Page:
Nine-hour surgery helps fix amputee's shattered thigh
A driver, whose right leg had been amputated below the knee a couple of years ago, was admitted to the orthopedic ward of KEM hospital with a shattered right femur (thigh bone).
The fracture occurred in the thigh of the same leg which had been amputated below the knee in 2011, and which had also undergone a major hip replacement surgery the year after. Though doctors’ efforts have helped him back on his foot again with some aid, he has lost his will to carry on working as adriver.
Accidents have dogged Ramesh Vishwakarma (33), a resident of Virar who works as a driver and is the sole breadwinner for his wife and two sons.
When he was three, a BEST bus ran over his legs, injuring both his feet. Following a minor surgery, doctors had declared that there would be no long-term damage. However, 28 years later, frequent pus formations in his right leg forced doctors to amputate the leg in July 2011.
Six months after the amputation, Vishwakarma got a prosthetic leg. “After receiving the prosthetic leg, I started walking gradually and began going back to work. I had no problems while driving and none of my customers noticed that I had suffered an amputation.”
But in May last year, Vishwakarma fell from a chair and hurt his hip badly. He suffered a major fracture to the right neck femur (hip joint). With a heavy swelling on his right hip, Ramesh approached KEM Hospital.
Dr Pradeep Bhosale, head of orthopedic department at the facility, conducted a successful surgery. As the entire hip joint had been fractured, doctors were required to conduct a bipolar hip arthroplasty, which is a complicated procedure. Following this surgery, Vishwakarma was able to walk normally using the prosthetic leg.
But his run-in with bad luck continued, and he fell from a chair in January this year, suffering another fracture on the same side. This time, the fall completely shattered his right femur (thigh bone). To add to complications, the bone that had shattered surrounded the earlier bipolar implant. According to doctors, his condition was known as ‘bag of bones’ and they had no hope of treating the problem. Though Vishwakarma was admitted to KEM on January 17, the surgery took place on March 13, as he did not have enough funds: he was running short of Rs 95,000 for the surgery.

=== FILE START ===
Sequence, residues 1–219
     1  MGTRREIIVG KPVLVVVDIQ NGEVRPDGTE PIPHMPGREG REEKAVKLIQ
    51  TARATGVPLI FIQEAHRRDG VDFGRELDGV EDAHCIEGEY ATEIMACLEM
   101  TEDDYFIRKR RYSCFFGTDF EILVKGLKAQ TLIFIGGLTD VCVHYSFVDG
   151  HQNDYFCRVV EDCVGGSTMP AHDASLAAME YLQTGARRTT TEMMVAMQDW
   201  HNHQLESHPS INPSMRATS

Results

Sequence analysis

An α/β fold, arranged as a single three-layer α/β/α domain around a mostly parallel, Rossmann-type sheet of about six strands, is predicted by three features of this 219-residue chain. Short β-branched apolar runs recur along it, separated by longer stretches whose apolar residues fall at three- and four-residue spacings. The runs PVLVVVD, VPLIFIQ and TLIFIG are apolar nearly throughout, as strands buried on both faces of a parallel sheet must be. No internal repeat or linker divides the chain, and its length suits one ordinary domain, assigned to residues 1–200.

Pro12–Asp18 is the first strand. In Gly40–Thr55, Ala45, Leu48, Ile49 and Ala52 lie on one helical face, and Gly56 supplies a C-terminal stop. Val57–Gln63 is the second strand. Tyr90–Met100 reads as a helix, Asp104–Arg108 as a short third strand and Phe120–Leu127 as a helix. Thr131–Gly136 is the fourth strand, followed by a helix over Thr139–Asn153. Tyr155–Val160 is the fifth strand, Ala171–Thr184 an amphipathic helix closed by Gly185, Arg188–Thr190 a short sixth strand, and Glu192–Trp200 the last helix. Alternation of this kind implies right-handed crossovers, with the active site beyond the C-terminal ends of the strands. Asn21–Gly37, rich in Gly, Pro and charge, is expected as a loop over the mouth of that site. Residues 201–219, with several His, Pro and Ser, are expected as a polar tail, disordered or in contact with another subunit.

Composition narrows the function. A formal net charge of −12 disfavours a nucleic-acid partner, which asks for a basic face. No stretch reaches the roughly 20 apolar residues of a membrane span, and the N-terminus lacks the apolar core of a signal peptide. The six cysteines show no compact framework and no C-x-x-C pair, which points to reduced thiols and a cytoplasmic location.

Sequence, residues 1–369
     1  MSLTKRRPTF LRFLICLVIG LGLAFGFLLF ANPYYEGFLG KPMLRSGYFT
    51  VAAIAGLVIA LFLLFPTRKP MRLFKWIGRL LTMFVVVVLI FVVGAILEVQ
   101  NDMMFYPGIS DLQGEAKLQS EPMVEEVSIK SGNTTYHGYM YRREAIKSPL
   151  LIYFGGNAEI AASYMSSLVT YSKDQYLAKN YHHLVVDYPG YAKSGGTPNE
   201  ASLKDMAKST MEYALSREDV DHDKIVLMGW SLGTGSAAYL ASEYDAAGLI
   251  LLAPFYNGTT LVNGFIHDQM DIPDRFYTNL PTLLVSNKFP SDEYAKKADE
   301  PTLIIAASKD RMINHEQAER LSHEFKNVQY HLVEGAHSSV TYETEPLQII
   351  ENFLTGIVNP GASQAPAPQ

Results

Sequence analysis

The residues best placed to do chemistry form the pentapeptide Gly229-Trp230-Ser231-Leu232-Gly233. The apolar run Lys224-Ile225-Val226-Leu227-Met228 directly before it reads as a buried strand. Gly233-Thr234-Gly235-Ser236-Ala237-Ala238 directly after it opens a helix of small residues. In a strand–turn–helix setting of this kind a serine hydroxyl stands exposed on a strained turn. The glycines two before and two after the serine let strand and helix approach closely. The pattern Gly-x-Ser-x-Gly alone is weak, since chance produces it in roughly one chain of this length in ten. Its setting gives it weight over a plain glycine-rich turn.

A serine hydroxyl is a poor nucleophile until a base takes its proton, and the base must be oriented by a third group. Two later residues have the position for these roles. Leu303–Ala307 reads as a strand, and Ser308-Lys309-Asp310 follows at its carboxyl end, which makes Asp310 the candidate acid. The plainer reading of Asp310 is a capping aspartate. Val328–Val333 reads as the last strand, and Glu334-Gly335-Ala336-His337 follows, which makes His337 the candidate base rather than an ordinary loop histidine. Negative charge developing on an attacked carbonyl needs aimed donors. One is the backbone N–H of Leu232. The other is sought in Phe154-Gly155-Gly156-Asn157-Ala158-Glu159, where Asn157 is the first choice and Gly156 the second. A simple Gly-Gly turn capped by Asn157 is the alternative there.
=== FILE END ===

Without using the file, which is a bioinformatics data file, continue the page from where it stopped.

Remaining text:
Dr Bhosale said, “Treating the fracture was very complicated as there were several pieces of bone that needed to be joined. The second complication was the removal of the earlier bipolar prosthesis that had been fixed using cement. As the implant was made of titanium, it could have lasted for life but the bone around it was weak and had broken into pieces.”
Doctors at KEM conducted a nine-hour-long surgery in order to fix the femur. The earlier bipolar implant was removed and all the shattered pieces were joined together. They also used a bone graft from the bone bank at Tata Hospital. “This graft will gradually consolidate with the original bone and the leg will be back to normal,” said Dr Bhosale. Following the operation, Vishwakarma, who can now walk with support, said, “I have lost all my confidence after this incident and have decided not to drive any longer. I do not want to put the life of my customers at risk. I do not know how I will support my family after I get discharged.”